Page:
## Experiment 4-3

Temperature Effect on Solubility

### Background Information

We know that concentration is a characteristic property of a solution.

We have defined concentration as the mass of solute per 100 cm3 of solvent;  the units are g/100cm3

We have defined solubility as the limit of the maximum amount of a solute that will dissolve in a solute.  In Experiment 4-2 we determined a way to measure and communicate the solubility of a substance.

### Experiment

Purpose:  In this experiment we shall see if change in temperature has any effect on solubility.

Materials needed:
• table salt, (NaCl)
• a second solid to compare, perhaps table sugar, C12H22O11. (Sugar is not ideal for this experiment.  A better substance would be a plant fertilizer with high nitrogen (N) content. But sugar should illustrate the effect.)
• cold water
• cold carbonated beverage
• three containers (such as test tubes) for gently heating several solutions simultaneously.
• heating device and container of water to warming several samples while maintaining same temperature for all.
• stir stick

Procedure:

1. Fill two containers about half full (perhaps 20cm3) of cold water.
2. In the first container stir in enough salt (perhaps a 10mL or a table spoon) to saturate the solution, leaving some excess salt undissolved.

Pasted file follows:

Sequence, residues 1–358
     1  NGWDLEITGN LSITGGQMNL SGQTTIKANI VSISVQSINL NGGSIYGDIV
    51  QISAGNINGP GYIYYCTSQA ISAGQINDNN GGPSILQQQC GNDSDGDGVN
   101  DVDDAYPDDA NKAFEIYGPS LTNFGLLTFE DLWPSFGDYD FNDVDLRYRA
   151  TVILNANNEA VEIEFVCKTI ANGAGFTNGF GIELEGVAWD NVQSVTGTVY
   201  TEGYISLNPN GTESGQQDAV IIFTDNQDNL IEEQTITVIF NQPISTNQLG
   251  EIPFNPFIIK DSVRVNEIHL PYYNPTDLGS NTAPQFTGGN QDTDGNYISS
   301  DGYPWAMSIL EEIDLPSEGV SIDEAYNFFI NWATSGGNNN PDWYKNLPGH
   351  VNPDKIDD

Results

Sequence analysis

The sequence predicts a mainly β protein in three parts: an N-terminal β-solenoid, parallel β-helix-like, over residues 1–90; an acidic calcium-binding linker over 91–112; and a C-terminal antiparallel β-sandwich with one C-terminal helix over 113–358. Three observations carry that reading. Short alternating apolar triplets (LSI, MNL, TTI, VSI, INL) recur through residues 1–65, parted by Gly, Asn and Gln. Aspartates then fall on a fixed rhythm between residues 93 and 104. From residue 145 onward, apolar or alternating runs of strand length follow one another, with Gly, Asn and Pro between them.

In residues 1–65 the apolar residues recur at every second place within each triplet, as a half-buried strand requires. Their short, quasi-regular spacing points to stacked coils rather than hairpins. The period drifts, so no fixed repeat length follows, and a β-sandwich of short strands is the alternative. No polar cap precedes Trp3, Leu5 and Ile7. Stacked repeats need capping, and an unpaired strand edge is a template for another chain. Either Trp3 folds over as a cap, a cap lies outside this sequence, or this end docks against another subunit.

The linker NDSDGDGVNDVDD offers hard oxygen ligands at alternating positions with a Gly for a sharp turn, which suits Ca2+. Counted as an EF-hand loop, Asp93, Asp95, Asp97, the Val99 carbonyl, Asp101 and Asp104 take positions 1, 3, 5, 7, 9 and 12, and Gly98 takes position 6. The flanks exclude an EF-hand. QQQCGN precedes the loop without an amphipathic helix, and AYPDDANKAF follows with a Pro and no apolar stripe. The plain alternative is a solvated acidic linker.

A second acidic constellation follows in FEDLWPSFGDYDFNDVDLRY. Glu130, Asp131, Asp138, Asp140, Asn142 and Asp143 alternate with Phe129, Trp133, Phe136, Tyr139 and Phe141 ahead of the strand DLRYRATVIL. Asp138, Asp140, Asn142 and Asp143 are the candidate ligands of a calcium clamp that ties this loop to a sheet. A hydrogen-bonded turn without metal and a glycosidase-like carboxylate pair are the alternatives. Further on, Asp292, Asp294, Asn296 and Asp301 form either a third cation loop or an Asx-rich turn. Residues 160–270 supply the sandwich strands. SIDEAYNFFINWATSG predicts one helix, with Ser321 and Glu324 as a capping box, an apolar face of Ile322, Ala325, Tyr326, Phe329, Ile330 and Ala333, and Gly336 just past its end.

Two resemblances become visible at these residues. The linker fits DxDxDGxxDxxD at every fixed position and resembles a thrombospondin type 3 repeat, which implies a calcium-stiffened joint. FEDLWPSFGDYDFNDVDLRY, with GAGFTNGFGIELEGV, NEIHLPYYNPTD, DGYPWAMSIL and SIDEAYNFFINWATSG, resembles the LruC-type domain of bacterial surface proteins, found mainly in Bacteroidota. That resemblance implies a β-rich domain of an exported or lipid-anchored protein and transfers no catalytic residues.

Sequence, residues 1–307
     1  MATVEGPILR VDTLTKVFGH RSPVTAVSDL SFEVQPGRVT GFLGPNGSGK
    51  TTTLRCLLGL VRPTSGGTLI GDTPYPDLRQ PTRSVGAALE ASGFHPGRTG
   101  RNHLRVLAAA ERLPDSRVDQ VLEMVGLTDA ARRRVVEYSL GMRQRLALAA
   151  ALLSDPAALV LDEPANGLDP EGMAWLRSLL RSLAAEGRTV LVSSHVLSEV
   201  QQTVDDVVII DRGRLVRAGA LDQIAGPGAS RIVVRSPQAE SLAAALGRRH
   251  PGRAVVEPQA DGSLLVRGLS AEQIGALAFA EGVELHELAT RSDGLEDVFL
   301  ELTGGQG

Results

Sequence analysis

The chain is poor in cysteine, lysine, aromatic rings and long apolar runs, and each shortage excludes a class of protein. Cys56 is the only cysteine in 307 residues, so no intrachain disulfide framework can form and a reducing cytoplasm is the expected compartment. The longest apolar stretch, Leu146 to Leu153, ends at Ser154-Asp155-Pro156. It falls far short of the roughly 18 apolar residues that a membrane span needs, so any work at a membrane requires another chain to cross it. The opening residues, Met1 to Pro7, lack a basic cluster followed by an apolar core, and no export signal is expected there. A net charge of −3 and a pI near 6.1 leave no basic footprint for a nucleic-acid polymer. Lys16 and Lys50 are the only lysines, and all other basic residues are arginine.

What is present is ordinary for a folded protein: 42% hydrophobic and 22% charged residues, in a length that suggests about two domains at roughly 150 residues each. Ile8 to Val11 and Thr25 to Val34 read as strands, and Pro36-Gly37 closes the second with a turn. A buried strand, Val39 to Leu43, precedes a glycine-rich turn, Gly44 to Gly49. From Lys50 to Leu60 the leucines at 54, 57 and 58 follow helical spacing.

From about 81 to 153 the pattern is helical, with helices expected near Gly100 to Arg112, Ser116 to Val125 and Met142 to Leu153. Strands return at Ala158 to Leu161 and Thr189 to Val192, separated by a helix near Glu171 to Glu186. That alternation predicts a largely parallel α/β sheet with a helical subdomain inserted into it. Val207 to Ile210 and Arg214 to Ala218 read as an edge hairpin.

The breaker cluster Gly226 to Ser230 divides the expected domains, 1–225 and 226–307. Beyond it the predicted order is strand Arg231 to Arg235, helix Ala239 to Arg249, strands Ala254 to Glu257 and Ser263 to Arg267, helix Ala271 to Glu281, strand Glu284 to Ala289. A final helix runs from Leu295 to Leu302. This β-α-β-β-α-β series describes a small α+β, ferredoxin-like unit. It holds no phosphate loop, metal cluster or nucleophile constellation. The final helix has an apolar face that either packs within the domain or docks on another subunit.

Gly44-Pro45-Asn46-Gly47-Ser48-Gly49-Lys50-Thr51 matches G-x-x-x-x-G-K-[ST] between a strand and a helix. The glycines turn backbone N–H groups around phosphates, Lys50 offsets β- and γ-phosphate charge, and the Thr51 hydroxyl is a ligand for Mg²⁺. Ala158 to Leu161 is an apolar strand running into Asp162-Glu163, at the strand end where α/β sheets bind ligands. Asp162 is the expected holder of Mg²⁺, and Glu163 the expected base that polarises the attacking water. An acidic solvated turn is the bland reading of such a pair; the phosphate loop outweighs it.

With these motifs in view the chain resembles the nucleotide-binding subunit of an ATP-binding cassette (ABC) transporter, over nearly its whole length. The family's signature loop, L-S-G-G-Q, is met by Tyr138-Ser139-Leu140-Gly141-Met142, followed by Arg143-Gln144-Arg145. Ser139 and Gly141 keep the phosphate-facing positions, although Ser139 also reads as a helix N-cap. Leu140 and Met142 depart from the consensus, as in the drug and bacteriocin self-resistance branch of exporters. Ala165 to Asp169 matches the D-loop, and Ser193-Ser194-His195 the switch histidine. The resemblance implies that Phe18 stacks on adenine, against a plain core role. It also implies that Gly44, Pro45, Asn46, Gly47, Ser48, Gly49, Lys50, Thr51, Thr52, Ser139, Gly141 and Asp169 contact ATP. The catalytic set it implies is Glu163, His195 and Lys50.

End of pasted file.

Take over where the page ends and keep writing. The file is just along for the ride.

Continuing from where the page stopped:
3. In the second container stir in the same amount of sugar or other solid.  If excess does not remain, add more solid to each container.
4. Note and record the amount of undissolved solid in each container.  This might be roughly measured with a ruler as the height of the solid.
5. In the third container pour an equal amount of carbonated beverage.  In this solution we will be observing the dissolved gas, carbon dioxide (CO2).
6. Place all three open containers in a container (pot?) of water and gently heat until the water boils.  Occasionally stir each container's contents.  CAUTIONS:  Steam contains much energy and can rapidly damage skin.  Be careful not to spill hot water potentially causing skin damage.
7. Observe any bubbles forced out of the solution during the heating of the beverage.  What does this indicate about the effect of temperature on the solubility of the gas?
8. Note and record any change in the amount of solid undissolved in the first two containers.  What does this indicate about the effect of temperature on the solubility of the solids?

Record your results in your science journal.  Write a Formal Report if you need to earn credit.

Discussion of Observations and Conclusion:  If MORE solid is in a container when hot, then the solubility must be less when hotter.  If there is LESS solid is in a container when hot, then the solubility must be more when hotter.  It is generally not wise to taste substances used for experimentation, but you might recall that carbonated beverages left open and warm for a period of time also taste flat.  This is also an indication of the effect of temperature on the solubility of CO2.

The temperature effects on the solubilities of other gases are similar.  When rivers and lakes are warmer, because the solubility of oxygen (O2) is reduced, there generally is less oxygen available for fish and other aquatic animals.

The effect of temperature effects on the solubilities is not as uniform.  Most solids are more soluble at higher temperature, but a few are less soluble.  The difference in the effects of higher temperature on solubilities can sometimes be used to separate solids.